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Thousands gather in Tel Aviv calling on Israel’s PM Benjamin Netanyahu to resign

Thousands called on Benjamin Netanyahu to resign during a demonstration in Tel Aviv (Image: Ohad Zwigenberg/AP)

THOUSANDS of protesters gathered in Tel Aviv calling on Israel’s Prime Minister Benjamin Netanyahu to resign.

Footage on social media showed people, including the friends and families of Hamas hostages, gathered in central Tel Aviv demanding greater efforts from their government and the international community to bring their loved ones home.

It comes after thousands gathered across the UK yesterday, including in Glasgow (below), Edinburgh, Dundee, Aberdeen and Inverness, to show solidarity with Palestine.

Prime Minister Rishi Sunak meanwhile has warned that the Israel-Hamas war risks unleashing a “contagion of conflict” across the Middle East.

He said his recent two-day visit to the region demonstrated “that the UK stands in solidarity with them against terrorism” and that “there can be no justification” for the atrocities committed by Hamas.

On Saturday, thousands of demonstrators in Tel Aviv demanded Netanyahu’s resignation on the 15th day of the war, which started on 7 October.

Nearly 4,500 Palestinians have been killed and 15,400 wounded since 7 October, while the Israeli death count stands at 1,400 people

— Middle East Eye (@MiddleEastEye) October 22, 2023

It was reported on Sunday morning that Israeli warplanes struck targets across Gaza overnight on Saturday and into Sunday, as well as two airports in Syria and a mosque in the occupied West Bank.

The military has acknowledged there are still hundreds of thousands of Palestinian civilians in northern Gaza despite a sweeping evacuation order, which would complicate any ground attack.

READ MORE: David Pratt: Gaza’s most dangerous days still lie ahead

On Saturday, 20 trucks of aid were allowed to enter Gaza from Egypt through the Rafah crossing, the first time anything has gone into the territory since Israel imposed a complete siege two weeks ago.

Aid workers said it is far too little to address the spiralling humanitarian crisis in Gaza, where half the territory’s 2.3 million people have fled their homes.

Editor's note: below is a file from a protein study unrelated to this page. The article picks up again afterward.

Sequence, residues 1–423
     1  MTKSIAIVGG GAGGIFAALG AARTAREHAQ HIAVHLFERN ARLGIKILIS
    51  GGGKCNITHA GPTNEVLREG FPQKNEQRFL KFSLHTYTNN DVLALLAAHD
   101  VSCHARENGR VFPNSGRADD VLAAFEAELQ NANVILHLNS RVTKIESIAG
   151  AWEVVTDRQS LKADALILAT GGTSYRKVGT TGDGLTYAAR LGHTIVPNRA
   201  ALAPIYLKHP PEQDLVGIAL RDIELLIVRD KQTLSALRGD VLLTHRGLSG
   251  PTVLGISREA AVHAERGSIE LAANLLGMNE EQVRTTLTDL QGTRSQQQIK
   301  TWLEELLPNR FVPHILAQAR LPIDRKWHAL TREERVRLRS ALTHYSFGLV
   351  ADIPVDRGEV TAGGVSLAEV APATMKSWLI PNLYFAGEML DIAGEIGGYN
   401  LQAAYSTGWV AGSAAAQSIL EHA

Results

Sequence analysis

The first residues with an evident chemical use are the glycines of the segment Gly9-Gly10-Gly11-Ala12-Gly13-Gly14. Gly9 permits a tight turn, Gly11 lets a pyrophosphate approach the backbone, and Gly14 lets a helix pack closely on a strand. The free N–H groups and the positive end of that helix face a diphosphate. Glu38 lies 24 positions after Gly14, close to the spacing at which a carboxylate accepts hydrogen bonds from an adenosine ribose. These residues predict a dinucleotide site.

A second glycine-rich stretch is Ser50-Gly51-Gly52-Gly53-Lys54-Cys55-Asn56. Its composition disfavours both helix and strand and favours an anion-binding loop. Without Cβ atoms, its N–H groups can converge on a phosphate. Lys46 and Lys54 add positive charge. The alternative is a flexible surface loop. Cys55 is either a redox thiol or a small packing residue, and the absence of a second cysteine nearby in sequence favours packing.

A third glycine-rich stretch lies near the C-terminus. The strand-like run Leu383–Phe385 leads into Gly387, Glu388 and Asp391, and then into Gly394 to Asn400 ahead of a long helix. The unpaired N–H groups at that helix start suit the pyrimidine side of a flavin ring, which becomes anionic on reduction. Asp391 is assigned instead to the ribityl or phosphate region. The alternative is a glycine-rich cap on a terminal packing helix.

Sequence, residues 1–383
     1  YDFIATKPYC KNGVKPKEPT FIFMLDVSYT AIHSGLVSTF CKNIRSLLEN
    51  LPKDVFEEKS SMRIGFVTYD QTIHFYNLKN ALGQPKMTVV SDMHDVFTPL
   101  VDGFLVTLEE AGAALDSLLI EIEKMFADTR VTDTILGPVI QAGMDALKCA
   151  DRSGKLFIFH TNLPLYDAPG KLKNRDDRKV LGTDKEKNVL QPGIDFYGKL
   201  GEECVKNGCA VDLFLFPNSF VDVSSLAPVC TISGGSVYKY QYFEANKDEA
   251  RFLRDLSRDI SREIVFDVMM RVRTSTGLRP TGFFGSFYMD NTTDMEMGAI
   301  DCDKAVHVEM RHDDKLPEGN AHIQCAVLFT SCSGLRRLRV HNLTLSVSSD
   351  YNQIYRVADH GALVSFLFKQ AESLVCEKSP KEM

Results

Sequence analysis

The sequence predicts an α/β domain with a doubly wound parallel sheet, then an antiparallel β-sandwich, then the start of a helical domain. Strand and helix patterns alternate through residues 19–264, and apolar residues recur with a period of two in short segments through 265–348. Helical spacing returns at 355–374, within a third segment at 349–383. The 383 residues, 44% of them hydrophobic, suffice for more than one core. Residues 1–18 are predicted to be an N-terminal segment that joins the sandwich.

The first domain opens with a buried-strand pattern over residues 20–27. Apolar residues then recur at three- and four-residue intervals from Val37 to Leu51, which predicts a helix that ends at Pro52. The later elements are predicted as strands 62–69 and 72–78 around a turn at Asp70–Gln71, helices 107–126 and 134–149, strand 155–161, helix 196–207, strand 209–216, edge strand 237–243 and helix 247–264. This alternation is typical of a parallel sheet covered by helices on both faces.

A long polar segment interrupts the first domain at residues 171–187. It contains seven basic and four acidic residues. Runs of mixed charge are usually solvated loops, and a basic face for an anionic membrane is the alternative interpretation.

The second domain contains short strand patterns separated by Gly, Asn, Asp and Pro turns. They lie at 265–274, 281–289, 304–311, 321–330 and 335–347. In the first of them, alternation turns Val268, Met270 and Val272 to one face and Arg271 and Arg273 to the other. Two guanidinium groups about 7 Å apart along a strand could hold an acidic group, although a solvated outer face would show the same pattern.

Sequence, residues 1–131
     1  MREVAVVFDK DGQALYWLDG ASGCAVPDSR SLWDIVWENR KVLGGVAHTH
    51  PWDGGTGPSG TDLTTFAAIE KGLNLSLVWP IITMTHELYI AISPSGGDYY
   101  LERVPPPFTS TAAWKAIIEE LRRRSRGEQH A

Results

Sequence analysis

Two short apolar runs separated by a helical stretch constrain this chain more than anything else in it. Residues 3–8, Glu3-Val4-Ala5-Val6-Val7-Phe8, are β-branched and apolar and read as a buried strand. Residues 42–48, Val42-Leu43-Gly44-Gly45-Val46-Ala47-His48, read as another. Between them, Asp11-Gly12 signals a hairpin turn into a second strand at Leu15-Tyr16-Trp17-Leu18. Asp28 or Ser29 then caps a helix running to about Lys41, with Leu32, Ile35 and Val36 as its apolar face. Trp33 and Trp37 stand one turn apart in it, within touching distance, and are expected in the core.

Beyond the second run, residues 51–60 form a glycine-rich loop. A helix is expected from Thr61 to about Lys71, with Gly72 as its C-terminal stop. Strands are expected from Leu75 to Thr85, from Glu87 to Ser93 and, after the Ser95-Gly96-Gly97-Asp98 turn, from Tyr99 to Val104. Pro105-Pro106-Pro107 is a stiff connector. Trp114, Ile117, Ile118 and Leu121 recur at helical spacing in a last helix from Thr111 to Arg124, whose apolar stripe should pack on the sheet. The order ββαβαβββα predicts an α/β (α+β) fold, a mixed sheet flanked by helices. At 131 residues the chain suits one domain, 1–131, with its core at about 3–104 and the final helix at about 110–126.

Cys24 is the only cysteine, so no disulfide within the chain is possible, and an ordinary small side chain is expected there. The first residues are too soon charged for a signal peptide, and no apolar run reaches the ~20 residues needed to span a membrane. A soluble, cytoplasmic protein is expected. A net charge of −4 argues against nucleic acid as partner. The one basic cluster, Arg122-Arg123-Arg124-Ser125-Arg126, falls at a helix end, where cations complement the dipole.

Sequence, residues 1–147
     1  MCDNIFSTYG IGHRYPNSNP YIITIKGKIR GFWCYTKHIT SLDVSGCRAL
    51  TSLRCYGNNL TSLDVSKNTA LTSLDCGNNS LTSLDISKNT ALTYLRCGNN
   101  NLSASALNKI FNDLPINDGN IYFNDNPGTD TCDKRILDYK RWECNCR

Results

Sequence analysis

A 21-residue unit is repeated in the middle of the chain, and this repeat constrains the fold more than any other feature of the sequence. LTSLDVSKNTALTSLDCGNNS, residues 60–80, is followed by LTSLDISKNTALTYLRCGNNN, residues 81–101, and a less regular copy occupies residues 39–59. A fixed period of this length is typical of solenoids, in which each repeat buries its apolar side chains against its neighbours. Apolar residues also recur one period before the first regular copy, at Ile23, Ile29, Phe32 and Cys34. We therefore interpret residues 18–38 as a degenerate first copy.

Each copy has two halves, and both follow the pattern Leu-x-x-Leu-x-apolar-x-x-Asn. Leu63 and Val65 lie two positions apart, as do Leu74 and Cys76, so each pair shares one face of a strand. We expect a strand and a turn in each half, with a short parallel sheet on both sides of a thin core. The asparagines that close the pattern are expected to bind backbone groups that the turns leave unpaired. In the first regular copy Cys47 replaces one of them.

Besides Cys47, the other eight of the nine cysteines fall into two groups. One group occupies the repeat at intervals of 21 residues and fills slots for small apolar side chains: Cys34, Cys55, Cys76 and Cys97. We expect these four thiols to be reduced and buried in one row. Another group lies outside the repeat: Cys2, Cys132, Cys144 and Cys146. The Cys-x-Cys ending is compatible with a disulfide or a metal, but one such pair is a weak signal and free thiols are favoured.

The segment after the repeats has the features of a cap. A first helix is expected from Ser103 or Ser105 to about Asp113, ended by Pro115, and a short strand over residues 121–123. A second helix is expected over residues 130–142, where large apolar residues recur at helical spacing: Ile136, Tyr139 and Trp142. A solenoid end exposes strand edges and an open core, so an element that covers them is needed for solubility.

Hospitals packed with patients and displaced people are running low on medical supplies and fuel for generators, forcing doctors to perform surgeries with sewing needles, using kitchen vinegar as disinfectant, and without anaesthesia.

In a post on Twitter/X yesterday, Medical Aid For Palestinians shared images and stated that “the lives of 130 premature babies are in imminent danger if fuel does not reach hospitals soon”.

It said: “There are six neonatal intensive care units at hospitals in Gaza, including Shifa and Nasser hospitals.

“Since October 9, Israeli authorities have imposed a “total closure” on Gaza, halting the entry of fuel and electricity.”

Humza Yousaf responded to the post and said: “How can this be justified? What crime have these babies committed?

“This is why collective punishment must be called out and condemned. Let aid in, including fuel. Otherwise, these images should haunt us for the rest of our lives.

“A ceasefire is needed and needed now.”

Israel’s military has said it is striking Hamas members and installations, but does not target civilians.

Palestinian militants have continued daily rocket attacks, with Hamas saying it targeted Tel Aviv early on Sunday.

Netanyahu convened his Cabinet late on Saturday to discuss the expected ground invasion, Israeli media reported.

Military spokesman Rear Admiral Daniel Hagari said Israel plans to step up air strikes, starting from Saturday, as preparation for the “next stages of the war”.

More than 1400 people in Israel have so far died in the war – mostly civilians killed during the initial Hamas attack.

At least 210 people were captured and dragged back to Gaza, including men, women, children and older adults. Two Americans were released on Friday in what Hamas said was a humanitarian gesture.

More than 4300 people have been killed in Gaza, according to the Hamas-run Health Ministry. That includes the disputed toll from a hospital explosion.

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